How Software and IT Managers Become Noble | TechWell

How Software and IT Managers Become Noble

Leaders create value; managers count value. Leaders exercise influence; managers exercise power. Leaders inspire and motivate; managers simply plan, organize, and coordinate.

Many articles that explore the differences between leadership and management are written in a way that undermines the importance of managers, while projecting leadership as the superior of the two. There is often more goodness to the role of management than some of these articles really capture.

In his book, How Will You Measure Your Life?, Clayton Christensen introduces a very interesting perspective on the profession of management:

Management is the most noble of professions if it’s practiced well. No other occupation offers as many ways to help others learn and grow, take responsibility and be recognized for achievement, and contribute to the success of a team.

Of all the adjectives used to describe the profession of management, "noble" is very underused and refreshing. If we look at the job description of a typical manager role, it consists of myriad responsibilities. A manager in a typical day handles things that are complex and equivalent to a high volume of work.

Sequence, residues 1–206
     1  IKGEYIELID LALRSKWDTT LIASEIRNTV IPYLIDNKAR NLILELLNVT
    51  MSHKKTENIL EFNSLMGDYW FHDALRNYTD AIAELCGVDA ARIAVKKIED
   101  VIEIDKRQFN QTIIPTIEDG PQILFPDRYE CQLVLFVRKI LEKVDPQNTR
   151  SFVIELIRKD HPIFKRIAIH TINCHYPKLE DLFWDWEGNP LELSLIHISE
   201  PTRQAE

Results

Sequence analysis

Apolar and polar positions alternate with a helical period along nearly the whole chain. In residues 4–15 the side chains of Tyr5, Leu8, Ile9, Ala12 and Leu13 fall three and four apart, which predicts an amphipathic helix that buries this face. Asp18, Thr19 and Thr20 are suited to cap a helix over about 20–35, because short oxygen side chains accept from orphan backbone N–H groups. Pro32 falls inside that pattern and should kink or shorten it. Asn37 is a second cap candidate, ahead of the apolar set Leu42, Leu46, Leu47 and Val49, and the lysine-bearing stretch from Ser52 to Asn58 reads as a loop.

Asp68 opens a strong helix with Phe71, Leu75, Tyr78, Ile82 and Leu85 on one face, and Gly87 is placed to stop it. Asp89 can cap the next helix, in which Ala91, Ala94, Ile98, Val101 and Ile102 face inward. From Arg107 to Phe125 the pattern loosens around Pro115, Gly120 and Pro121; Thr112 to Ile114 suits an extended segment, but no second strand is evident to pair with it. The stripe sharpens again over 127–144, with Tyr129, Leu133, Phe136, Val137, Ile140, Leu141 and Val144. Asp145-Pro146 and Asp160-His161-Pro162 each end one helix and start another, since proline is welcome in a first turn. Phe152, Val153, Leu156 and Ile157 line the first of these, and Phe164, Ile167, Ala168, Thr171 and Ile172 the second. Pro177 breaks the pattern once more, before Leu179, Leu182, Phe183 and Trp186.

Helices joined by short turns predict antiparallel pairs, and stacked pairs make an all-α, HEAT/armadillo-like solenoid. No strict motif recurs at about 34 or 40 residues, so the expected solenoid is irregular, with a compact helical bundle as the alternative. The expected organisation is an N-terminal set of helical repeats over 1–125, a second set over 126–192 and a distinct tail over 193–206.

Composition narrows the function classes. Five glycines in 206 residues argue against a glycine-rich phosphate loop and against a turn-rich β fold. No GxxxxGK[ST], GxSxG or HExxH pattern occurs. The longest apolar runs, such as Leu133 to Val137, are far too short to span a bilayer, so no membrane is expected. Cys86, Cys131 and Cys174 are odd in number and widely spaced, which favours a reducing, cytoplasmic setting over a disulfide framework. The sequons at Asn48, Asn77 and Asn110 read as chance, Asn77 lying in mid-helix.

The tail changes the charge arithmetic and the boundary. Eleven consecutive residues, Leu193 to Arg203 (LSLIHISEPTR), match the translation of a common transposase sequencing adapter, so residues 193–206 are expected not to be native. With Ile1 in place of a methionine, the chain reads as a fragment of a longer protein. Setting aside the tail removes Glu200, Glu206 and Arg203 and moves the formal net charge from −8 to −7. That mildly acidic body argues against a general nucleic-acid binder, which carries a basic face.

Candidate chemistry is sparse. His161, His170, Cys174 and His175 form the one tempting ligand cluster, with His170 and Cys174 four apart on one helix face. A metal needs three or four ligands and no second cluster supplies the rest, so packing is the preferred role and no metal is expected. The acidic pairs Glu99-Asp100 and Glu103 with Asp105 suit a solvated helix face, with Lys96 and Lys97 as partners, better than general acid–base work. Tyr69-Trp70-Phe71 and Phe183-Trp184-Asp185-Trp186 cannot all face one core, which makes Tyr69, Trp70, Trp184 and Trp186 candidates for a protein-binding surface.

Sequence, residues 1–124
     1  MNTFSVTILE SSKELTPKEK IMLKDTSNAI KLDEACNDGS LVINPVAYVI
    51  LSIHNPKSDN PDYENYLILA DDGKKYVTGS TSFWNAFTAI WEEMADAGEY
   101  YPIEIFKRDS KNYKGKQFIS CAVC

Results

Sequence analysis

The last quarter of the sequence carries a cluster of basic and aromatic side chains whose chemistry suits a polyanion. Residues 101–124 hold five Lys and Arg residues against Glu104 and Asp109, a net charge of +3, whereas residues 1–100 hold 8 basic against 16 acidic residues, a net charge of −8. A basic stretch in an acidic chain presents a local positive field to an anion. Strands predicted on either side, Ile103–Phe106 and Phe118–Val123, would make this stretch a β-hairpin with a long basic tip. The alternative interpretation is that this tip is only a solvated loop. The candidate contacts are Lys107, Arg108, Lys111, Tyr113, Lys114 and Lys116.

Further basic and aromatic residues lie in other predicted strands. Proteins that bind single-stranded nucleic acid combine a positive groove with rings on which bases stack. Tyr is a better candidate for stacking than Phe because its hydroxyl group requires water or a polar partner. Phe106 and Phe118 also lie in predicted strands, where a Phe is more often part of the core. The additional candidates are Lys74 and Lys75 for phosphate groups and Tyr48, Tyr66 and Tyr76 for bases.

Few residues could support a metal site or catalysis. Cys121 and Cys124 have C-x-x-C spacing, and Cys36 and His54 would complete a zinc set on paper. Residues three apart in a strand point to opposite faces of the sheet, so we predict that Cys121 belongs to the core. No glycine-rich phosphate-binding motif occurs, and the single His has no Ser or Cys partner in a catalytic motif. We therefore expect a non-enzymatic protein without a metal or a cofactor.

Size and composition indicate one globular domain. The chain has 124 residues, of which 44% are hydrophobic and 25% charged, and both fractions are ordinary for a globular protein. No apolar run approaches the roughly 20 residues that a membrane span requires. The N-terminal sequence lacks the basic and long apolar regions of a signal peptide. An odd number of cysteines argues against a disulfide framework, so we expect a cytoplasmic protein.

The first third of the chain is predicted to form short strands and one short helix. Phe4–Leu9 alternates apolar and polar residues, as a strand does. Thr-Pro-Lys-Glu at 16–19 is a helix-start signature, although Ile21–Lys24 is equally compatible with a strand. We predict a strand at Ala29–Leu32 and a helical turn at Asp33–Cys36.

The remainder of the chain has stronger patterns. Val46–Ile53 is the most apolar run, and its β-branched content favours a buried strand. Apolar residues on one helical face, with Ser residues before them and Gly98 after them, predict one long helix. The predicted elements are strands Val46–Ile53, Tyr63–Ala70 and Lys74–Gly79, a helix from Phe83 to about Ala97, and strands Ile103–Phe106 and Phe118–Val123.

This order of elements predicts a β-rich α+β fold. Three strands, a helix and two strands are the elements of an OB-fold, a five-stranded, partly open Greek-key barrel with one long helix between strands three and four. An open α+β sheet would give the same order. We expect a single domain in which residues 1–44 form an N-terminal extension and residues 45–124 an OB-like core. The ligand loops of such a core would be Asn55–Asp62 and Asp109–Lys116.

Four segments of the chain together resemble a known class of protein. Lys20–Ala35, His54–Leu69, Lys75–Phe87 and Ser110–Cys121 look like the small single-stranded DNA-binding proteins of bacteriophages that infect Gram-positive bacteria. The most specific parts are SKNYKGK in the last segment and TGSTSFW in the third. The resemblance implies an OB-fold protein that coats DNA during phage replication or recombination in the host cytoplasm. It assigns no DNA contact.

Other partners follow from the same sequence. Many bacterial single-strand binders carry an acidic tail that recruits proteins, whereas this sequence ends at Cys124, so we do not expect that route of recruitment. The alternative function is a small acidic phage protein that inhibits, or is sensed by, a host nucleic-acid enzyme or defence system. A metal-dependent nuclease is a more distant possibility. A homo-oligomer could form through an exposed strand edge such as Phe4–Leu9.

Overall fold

One of the typical responsibilities that makes a management job special is the ability to coach and mentor others to bring a lasting change to the organization and the work lives of the people. Much like parents cannot simply pass the responsibility of raising their kids on to someone else, managers should not delegate development of the people for whom they are directly responsible. Good managers tend to become restless if they don't feel that people for whom they are responsible are growing and learning each day on the job.

A host of leaders and CEOs featured in Corner Office space at brilliantly acknowledge the role mentors played in helping them reach the pinnacle of success.

Larry Bossidy, former CEO of AlliedSignal, once said, "At the end of the day, you bet on people, not strategies.” Managers are the people with the special role that encourages people to work and play to their highest potential. Management as a profession becomes noble only if managers demonstrate the willingness to take their role a step further by committing to creating memorable experiences for their employees.

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